Marvin Gaye’s National Anthem Turns 30Basketball, J. Tinsley — By J. Tinsley on February 13, 2013 at 9:35 am
Leave it to Marvin Gaye to turn the National Anthem into a full-fledged love song. On this day 30 years ago, Marvin Gaye delivered his rendition of the “Star Spangled Banner” at the 1983 NBA All Star Game, a version that has since gone on to become one of the staple deliveries of its kind mentioned alongside arguably the best ever - Whitney Houston at the 1991 Super Bowl (Carl Lewis’ does not). Before praising Marvin, however, let’s put 1983 in perspective:
- Kobe Bryant was four years old (he would turn five in August).
- The top four candidates for MVP this season – LeBron James, Kevin Durant, Carmelo Anthony and Chris Paul – weren’t even born yet.
- Michael Jordan was a sophomore in college.
- Half of the NBA was (probably) using cocaine, which in reality is a black eye the league will never truly disassociate from. Just ask the ’86 Houston Rockets how much booger sugar screwed them over. Or Michael Ray Richardson. Or David Thompson. Or Roy Tarpley.
- The first CD player had been created the year before by Sony.
- Time’s reigning Man of the Year wasn’t even a man. It was the computer. If only we knew how important that would become.
- Michael Jackson’s Thriller was THE album.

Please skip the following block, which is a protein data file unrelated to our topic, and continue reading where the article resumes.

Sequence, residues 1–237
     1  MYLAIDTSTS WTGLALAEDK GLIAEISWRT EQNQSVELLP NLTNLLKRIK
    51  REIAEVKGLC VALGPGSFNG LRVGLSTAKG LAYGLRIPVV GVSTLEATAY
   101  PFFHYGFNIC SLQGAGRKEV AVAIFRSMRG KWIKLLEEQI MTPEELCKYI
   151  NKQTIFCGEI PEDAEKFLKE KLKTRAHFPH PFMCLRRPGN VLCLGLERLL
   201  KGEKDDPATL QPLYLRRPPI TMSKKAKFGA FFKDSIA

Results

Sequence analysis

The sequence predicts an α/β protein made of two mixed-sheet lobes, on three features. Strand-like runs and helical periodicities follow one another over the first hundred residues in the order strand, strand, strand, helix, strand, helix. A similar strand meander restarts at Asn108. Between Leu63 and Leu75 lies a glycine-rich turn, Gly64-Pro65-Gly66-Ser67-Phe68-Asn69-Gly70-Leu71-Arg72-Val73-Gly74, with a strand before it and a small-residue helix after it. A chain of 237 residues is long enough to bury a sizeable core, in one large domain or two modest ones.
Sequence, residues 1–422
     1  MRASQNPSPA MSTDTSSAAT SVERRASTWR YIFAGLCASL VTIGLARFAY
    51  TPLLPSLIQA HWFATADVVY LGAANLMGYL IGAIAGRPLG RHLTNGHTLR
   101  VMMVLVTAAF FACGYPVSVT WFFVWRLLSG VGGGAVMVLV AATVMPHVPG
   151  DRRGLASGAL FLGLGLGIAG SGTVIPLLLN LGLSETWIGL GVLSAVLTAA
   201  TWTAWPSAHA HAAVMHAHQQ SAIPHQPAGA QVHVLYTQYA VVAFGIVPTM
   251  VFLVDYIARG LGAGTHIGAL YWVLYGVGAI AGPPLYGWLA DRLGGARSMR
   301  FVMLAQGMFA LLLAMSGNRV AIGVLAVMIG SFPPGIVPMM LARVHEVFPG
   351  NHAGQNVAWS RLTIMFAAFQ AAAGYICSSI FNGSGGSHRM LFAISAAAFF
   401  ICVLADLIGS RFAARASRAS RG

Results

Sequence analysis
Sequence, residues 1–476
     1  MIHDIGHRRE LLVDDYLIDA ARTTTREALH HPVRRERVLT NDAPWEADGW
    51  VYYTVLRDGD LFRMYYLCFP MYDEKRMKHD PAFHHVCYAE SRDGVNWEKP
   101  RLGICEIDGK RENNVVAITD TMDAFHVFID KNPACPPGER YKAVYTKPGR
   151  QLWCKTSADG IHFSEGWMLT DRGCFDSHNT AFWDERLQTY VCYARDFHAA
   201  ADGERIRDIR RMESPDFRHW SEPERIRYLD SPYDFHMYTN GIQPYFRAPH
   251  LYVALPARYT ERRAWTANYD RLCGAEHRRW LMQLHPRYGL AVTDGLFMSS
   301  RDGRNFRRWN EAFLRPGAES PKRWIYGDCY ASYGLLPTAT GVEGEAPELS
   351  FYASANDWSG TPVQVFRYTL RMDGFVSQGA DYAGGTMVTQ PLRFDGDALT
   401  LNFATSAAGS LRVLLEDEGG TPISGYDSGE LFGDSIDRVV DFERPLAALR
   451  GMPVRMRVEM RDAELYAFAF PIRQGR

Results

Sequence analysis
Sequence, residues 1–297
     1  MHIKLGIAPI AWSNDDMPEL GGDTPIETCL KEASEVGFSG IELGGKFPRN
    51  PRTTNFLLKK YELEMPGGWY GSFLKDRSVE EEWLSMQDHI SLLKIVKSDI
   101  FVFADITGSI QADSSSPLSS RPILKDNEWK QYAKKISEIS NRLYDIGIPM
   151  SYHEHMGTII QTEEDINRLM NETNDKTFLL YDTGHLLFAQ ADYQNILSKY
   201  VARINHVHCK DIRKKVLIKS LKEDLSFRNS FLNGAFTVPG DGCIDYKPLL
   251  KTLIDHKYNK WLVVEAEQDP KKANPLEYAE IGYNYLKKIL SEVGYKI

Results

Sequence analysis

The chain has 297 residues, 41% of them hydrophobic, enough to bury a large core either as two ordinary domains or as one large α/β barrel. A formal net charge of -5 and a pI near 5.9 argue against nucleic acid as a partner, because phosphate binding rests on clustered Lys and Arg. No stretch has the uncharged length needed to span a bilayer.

- Fast Times At Ridgemont High! E.T.! (Released in 1982, but whatever)
You get the point. A lot has changed since February 13, 1983. Gaye turning our country’s most recognizable song into an R&B record, nevertheless, hasn’t. Marvin’s career is often memorialized for the hit records with Motown and post-Motown, his personal demons which had him flee the country, and his pops being the one to ultimately take his son’s life – on April Fool’s Day of all days and only hours before what would have been his 45th birthday.
The previous decade wasn’t kind to Marvin. His separation and later divorce to Anna Gordy was preceded by fights and infidelity, helping characterize ol’ Marvin as the premier troubled, yet grossly talented, artist of his generation. 1978’s Here, My Dear – despite low album sales at the time – remains an indelible piece of work for for reasons far beyond just music. Gaye provided the world a rare, in-depth look into the lover-take-all tug-of-war he struggled with over the concept of love, sex and ultimately throughout his marriage to Gordy.
And keep in mind, Gaye’s relationship with Janis Hunter helped inspire both his Let’s Get It On and I Want You albums. As passionate as the relationship was, their marriage ended largely due to drug abuse and, again, infidelities. Years later, with the growing burdens of the world increasing with each passing high, Marvin fled to Europe stemming from haunting financial issues and a growing addiction to coke. As with most artists with extreme character flaws, the chinks in his armor endeared him to millions.